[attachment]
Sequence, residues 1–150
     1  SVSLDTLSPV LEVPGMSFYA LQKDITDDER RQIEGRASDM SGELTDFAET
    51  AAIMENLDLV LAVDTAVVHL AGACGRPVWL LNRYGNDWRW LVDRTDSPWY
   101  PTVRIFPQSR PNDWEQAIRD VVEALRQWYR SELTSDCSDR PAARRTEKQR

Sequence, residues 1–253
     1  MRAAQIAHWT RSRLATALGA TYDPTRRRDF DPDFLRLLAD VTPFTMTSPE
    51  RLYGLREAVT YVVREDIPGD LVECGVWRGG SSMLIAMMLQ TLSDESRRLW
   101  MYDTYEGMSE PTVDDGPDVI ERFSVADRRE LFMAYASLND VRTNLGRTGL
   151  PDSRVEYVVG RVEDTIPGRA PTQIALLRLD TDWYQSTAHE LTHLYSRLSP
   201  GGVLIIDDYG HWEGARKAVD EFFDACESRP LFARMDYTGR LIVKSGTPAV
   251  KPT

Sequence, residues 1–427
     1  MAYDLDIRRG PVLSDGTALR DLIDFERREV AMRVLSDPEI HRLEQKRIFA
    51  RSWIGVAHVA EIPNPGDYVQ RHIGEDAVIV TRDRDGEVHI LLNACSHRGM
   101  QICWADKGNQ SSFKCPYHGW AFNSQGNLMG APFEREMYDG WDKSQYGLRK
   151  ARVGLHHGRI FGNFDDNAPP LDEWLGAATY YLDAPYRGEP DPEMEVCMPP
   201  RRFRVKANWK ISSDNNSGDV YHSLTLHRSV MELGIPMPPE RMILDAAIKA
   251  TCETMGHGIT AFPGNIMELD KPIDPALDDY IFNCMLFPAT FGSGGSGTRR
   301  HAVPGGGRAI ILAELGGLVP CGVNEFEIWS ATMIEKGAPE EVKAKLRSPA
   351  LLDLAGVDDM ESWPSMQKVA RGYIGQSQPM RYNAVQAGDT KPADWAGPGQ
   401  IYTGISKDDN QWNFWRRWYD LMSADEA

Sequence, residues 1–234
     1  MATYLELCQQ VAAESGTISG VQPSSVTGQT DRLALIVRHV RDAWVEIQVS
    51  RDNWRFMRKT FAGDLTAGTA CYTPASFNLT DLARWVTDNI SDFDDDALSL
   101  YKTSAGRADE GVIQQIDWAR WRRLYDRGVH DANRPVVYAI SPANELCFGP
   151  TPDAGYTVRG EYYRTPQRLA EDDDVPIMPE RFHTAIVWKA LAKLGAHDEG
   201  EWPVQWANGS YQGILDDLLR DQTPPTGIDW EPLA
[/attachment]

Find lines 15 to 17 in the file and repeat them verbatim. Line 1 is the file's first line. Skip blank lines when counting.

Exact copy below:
   101  QICWADKGNQ SSFKCPYHGW AFNSQGNLMG APFEREMYDG WDKSQYGLRK
   151  ARVGLHHGRI FGNFDDNAPP LDEWLGAATY YLDAPYRGEP DPEMEVCMPP
   201  RRFRVKANWK ISSDNNSGDV YHSLTLHRSV MELGIPMPPE RMILDAAIKA